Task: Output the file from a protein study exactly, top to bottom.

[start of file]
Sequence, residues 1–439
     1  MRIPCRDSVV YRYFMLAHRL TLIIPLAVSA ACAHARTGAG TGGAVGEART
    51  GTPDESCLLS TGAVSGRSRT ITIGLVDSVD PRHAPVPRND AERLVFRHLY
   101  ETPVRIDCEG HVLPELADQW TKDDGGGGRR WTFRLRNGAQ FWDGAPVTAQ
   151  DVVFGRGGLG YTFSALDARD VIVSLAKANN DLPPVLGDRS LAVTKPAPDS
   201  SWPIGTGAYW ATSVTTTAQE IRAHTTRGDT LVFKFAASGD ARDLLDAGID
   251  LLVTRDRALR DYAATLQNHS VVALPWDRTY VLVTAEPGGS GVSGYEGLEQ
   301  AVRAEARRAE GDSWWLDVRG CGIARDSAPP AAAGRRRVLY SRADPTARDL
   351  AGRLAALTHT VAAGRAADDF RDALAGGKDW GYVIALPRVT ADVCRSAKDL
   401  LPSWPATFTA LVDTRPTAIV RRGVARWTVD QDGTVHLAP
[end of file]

Sequence, residues 1–439
     1  MRIPCRDSVV YRYFMLAHRL TLIIPLAVSA ACAHARTGAG TGGAVGEART
    51  GTPDESCLLS TGAVSGRSRT ITIGLVDSVD PRHAPVPRND AERLVFRHLY
   101  ETPVRIDCEG HVLPELADQW TKDDGGGGRR WTFRLRNGAQ FWDGAPVTAQ
   151  DVVFGRGGLG YTFSALDARD VIVSLAKANN DLPPVLGDRS LAVTKPAPDS
   201  SWPIGTGAYW ATSVTTTAQE IRAHTTRGDT LVFKFAASGD ARDLLDAGID
   251  LLVTRDRALR DYAATLQNHS VVALPWDRTY VLVTAEPGGS GVSGYEGLEQ
   301  AVRAEARRAE GDSWWLDVRG CGIARDSAPP AAAGRRRVLY SRADPTARDL
   351  AGRLAALTHT VAAGRAADDF RDALAGGKDW GYVIALPRVT ADVCRSAKDL
   401  LPSWPATFTA LVDTRPTAIV RRGVARWTVD QDGTVHLAP